From Philippe Haïm, one of the writers and directors of the French flic drama series Braquo, comes Deep, a stylized crime drama that’s set to debut in the US and UK.
Before he began writing and directing, Philippe Haïm (Secrets of State) was a composer. Still is. In Deep (En Immersion) — the three-part drugs drama he created, co-wrote, directed, and scored — music is central to the telling of the story, occasionally replacing dialogue altogether.
Combine that with Haïm’s shooting the miniseries in black and white, and you have a stylized, if not stylish, contemporary crime thriller.
Patrick Ridremont (Dead Man Talking) stars in Deep as Michel Serrero, an unambitious cop and single father in Paris. Following a series of powerful hallucinations that have been plaguing him and interrupting his otherwise uneventful life, he gets the diagnosis. It’s bleak. He is suffering from an incurable and fatal neurological disease.
With nothing left to lose now, Michel goes on a tear when a colleague humiliates him for the umpteenth time, and does something completely out of character: he joins a team of undercover narcotics agents led by the charismatic, demanding, and aptly-nicknamed La Reine, or the Queen (Emmanuelle Meyssignac, The Avignon Prophecy), working to bring down Guillaume Leanour (Olivier Chantreau, Spiral).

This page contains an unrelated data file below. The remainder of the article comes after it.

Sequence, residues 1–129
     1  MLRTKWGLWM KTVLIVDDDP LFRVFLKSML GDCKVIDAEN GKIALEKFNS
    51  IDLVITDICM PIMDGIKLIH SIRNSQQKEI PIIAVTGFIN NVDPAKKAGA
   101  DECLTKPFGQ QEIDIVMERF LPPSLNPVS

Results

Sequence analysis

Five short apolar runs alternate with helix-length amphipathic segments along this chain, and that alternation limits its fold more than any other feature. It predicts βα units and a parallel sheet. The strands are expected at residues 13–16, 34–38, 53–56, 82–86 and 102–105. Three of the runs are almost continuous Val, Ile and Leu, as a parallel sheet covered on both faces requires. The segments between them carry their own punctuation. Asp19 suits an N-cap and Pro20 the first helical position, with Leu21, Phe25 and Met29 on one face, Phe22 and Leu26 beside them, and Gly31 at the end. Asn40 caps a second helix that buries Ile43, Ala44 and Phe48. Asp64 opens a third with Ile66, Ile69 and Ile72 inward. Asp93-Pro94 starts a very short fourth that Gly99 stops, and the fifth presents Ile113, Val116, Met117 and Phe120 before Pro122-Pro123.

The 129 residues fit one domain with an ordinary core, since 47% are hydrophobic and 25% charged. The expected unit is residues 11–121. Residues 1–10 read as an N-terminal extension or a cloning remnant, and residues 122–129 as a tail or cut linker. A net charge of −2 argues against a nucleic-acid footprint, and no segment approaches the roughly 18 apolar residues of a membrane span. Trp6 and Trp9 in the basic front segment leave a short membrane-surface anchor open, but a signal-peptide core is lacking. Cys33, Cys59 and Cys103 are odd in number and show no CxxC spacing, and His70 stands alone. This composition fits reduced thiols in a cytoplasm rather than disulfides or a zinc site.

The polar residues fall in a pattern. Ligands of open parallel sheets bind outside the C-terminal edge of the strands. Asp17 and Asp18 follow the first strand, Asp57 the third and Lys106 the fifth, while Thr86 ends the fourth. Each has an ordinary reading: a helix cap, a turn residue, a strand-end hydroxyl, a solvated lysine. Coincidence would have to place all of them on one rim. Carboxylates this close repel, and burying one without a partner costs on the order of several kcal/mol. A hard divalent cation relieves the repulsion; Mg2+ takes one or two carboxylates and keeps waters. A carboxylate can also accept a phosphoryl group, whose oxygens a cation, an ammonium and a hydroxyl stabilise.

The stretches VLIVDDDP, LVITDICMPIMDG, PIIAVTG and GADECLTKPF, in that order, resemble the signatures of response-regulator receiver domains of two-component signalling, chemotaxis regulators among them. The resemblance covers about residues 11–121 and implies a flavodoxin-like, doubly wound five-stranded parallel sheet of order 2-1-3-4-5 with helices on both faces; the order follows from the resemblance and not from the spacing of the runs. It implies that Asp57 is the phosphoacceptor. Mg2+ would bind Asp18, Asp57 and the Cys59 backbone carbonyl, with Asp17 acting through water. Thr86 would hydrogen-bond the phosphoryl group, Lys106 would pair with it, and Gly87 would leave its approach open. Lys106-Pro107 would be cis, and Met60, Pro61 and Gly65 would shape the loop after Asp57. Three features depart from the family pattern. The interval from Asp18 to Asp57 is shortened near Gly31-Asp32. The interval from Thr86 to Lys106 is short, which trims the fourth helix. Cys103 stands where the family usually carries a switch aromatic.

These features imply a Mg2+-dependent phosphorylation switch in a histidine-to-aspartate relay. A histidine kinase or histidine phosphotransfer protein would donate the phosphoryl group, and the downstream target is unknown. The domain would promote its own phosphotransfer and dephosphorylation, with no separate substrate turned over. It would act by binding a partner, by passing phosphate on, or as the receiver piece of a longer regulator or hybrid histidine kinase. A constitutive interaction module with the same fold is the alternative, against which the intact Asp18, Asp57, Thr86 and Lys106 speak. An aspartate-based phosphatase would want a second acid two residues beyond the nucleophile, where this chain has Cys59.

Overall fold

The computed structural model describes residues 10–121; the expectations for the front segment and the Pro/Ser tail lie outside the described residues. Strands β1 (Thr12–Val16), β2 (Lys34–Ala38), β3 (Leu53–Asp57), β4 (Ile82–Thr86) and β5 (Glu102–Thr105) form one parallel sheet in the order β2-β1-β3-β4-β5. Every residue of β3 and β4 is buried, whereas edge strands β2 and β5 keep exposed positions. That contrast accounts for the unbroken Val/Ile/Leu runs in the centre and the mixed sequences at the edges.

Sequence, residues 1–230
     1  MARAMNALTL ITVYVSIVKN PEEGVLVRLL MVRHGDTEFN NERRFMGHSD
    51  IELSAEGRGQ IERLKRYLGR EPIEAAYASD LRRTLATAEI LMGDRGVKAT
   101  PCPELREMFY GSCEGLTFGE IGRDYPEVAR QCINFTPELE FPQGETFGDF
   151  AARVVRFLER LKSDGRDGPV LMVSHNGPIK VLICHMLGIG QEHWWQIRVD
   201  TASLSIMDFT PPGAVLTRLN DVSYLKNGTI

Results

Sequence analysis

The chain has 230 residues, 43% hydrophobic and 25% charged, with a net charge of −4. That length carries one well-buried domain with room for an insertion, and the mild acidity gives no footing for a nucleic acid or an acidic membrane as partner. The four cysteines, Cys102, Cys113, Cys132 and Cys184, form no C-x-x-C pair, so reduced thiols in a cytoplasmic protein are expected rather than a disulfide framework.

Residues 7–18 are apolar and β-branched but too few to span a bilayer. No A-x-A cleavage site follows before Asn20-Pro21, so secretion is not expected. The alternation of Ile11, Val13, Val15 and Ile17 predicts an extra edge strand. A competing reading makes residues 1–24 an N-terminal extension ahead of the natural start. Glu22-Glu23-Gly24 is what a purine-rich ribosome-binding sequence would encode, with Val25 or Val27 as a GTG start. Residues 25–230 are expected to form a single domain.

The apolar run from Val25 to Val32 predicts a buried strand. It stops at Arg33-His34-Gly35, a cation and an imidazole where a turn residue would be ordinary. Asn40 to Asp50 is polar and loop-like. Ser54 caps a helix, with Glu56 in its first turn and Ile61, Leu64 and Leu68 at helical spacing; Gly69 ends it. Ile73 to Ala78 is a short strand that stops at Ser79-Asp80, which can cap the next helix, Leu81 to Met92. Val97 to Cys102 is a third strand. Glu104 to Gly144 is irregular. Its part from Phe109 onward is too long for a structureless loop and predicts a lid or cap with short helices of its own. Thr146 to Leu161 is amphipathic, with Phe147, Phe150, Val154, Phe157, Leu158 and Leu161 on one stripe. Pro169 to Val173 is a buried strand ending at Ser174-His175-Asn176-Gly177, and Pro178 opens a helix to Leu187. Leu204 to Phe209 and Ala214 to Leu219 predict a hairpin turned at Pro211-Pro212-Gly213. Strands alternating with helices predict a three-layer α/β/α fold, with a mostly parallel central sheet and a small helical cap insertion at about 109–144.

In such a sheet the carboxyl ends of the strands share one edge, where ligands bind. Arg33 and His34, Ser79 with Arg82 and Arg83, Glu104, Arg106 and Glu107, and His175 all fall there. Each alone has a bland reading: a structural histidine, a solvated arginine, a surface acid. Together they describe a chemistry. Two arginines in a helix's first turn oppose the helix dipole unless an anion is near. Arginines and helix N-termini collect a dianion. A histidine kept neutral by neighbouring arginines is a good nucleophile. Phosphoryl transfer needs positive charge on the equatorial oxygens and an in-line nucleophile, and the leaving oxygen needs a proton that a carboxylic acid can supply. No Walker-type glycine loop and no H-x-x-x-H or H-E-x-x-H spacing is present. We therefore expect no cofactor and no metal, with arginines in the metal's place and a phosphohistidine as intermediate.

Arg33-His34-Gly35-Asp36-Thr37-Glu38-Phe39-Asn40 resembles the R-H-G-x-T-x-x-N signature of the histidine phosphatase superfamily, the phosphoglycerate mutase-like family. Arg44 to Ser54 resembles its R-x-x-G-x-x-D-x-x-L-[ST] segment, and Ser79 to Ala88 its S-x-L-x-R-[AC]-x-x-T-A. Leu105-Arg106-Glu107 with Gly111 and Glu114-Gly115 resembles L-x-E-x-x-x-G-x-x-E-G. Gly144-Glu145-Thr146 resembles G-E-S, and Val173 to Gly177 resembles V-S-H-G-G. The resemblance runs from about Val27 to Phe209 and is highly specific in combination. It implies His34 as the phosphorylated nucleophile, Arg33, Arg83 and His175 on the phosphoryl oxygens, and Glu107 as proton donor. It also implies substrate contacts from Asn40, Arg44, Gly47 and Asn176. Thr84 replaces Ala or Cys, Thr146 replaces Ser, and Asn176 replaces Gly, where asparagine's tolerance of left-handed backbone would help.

On the surface Leanour is a bourgeois entrepreneur; in reality he’s a violent drugs trafficker whose ambition is to conquer the Paris drug market. And he’s creating just the product that will leave his competitors in every arrondissement in the dust. It is the first clean synthetic drug that users vape through e-cigarettes. What’s more, Leanour has a network of undocumented residents who do his dirty work selling the stuff on the streets.
Caught in the fray is Clara (Pénélope Rose-Lévêque, Profilage), Michel’s only daughter. While her papa hides his new role at work and his fatal illness from her, she, a lonely, troubled teen, falls under the sway of her boyfriend, a high school student who keeps Clara in her drug habit. Yet it is quite by accident that she discovers Leanour’s new drug… and quite predictable that she sinks further into addiction.
Also at risk is Soudoumbé (Victor Viel, Hasta mañana), a refugee from the war in Mali. He arrived in Paris by way of people smugglers, who force him to become one amongst Leanour’s vast network of street dealers as their payment. The thing is, Soudoumbé sucks at his job and ends up being both a pawn of the police and a target of the drug traffickers.
As the story unfolds, each player in this high-stakes game continues to make his or her moves. The question is, which one, if any of them, will win in this war on and for drugs?
A production of Mascaret Films for Arte, Deep is produced by Ariel Askénazi and Bénédicte Lesage (both of Antigone 34) and features Yann Sundberg (Crossing Lines), Salem Kali (Braquo), and Caroline Ducey (Les petits meurtres d’Agatha Christie).
Deep premieres in the US and UK tomorrow, 1 July 2016, on Netflix. It will be shown in French with English and other language subtitles.
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